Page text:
Next of Kin just feels lifeless, and its premise ensures that the only way it can succeed is as a guilty pleasure. But the issue is that even then it takes itself too seriously. Next of Kin is too focused on telling its lacklustre story to put the appropriate amount of action in which is a shame because it ensures that there is no action up until 63 minutes in the film. By then, viewers will already have been so bored by the film that their opinions would have been made up. That was the case with me, because especially that fact that the entire first hour of Next of Kin came up way too short was more than enough to keep me from being entertained by it. The general premise in it is a dull and basic revenge tale where the act demanding vengeance occurs shortly into the film but the vengeance itself requires audiences to wait around for way to long to witness. Audiences have to wait 63 minutes for the film to get the slightest bit interesting at which time it turns into a bar brawl between Liam Neeson and Patrick Swayze which is far superior in terms of surface value than the actual execution. It's really simple to explain just how flawed Next of Kin is: it squanders its talented cast on a story which is not engaging at all and a director who is unable to elevate it beyond the cheap limitations of its weak script. It is nothing more than a forgettable film which tries to be a crime drama but lacks a decent story and has not enough action to be the guilty pleasure it could have.
The visual style of the film is even far too conventional which really works to point out just how cheap the production is. It's incredible that Next of Kin had almost the same budget as Road House and yet looks a lot cheaper. The difference between the two would have to boil down to the difference in director. Rowdy Herrington gave a certain spirit to Road House which made it a top notch B-movie and a great guilty pleasure, while John Irvin simply used the money for its most basic purposes. He seems to have no creative vision for the film, and so it all ends up looking like an episode of a cheap crime drama stretched to feature length, and thanks to the lacklustre story it genuinely feels like one too.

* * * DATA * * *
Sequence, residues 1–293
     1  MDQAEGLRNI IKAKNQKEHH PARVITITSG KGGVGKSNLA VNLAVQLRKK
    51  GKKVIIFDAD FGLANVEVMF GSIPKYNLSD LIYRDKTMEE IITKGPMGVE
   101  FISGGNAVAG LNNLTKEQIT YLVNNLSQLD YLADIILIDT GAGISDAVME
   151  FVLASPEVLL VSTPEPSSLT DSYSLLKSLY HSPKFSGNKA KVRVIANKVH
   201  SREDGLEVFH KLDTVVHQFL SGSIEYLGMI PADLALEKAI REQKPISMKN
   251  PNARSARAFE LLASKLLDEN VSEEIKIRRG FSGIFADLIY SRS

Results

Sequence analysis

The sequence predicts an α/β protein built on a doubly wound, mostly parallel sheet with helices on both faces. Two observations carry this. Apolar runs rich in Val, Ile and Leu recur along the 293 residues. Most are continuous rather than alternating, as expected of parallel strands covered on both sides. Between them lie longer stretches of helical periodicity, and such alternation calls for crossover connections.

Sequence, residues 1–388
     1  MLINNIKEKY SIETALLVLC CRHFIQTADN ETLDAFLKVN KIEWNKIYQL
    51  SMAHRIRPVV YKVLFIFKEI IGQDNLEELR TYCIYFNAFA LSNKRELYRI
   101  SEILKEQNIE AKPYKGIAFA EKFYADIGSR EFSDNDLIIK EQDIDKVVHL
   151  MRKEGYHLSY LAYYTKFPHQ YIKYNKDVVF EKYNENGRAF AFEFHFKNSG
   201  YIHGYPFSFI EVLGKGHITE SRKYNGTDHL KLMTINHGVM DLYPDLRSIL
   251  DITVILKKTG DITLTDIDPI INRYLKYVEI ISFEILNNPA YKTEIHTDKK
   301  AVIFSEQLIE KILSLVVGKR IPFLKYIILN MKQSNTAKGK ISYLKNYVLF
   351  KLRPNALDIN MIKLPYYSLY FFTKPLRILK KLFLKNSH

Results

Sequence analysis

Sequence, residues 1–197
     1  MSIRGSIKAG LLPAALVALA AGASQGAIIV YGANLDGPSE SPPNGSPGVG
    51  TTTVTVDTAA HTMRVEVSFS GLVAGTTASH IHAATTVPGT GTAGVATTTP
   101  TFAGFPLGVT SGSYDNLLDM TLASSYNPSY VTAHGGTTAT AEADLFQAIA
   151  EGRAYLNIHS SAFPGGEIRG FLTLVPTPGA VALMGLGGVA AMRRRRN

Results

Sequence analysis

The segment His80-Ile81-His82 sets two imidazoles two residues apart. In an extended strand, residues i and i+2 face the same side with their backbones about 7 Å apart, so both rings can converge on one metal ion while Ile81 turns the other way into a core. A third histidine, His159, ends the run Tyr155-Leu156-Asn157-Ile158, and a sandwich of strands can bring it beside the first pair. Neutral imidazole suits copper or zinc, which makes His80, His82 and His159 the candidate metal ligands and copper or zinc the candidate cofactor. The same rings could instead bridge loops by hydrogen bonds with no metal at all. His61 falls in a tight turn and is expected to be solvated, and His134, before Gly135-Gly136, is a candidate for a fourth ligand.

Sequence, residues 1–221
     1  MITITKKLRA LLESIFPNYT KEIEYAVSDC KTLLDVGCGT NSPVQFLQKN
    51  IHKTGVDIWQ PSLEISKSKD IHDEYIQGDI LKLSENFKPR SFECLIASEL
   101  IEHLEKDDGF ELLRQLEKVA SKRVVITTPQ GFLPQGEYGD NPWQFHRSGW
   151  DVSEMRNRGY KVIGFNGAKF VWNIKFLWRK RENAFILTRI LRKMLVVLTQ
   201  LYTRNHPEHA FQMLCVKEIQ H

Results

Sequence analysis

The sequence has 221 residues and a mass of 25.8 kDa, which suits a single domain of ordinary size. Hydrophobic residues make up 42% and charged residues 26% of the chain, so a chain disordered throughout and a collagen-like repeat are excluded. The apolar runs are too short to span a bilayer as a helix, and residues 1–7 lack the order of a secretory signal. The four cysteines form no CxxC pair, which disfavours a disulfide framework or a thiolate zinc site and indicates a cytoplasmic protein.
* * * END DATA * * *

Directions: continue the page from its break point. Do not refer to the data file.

Frankly, everything in Next of Kin is just too boring. I had hoped for the film to feature Patrick Swayze either kicking some ass on a consistent basis or shooting up some bad guys, but the quantity of action came up way too short in quantity and the quality was not that great. Even his screen time was surprisingly low. It is a lot more of a story oriented film, but the fact is that the story is sh*t and there is no screenplay or visual style to protect from that. Next of Kin is an example of a film built on nothing but weak elements which is a senseless and slow moving bore marketed as a Patrick Swayze action vehicle despite failing to bring any of his good aspects into the part.
The presence of Liam Neeson is a welcome one. While the material does not come close to living up to his extent of skill, his casting is a welcome one simply because of the fact that it's Liam Neeson in the role and because to a certain extent he is able to use grit to engage in the role. He made a fairly compelling case in his role. He surely stands out from the cast by being intense and involved in the material, more involved than anyone could expect considering the nature of the film, so it is at least good to see him helping the film out slightly.
But despite Liam Neeson's presence, Next of Kin is a boring and uninvolving crime drama with no originality, little potential for Patrick Swayze to work with and genuinely nothing to really be entertained by.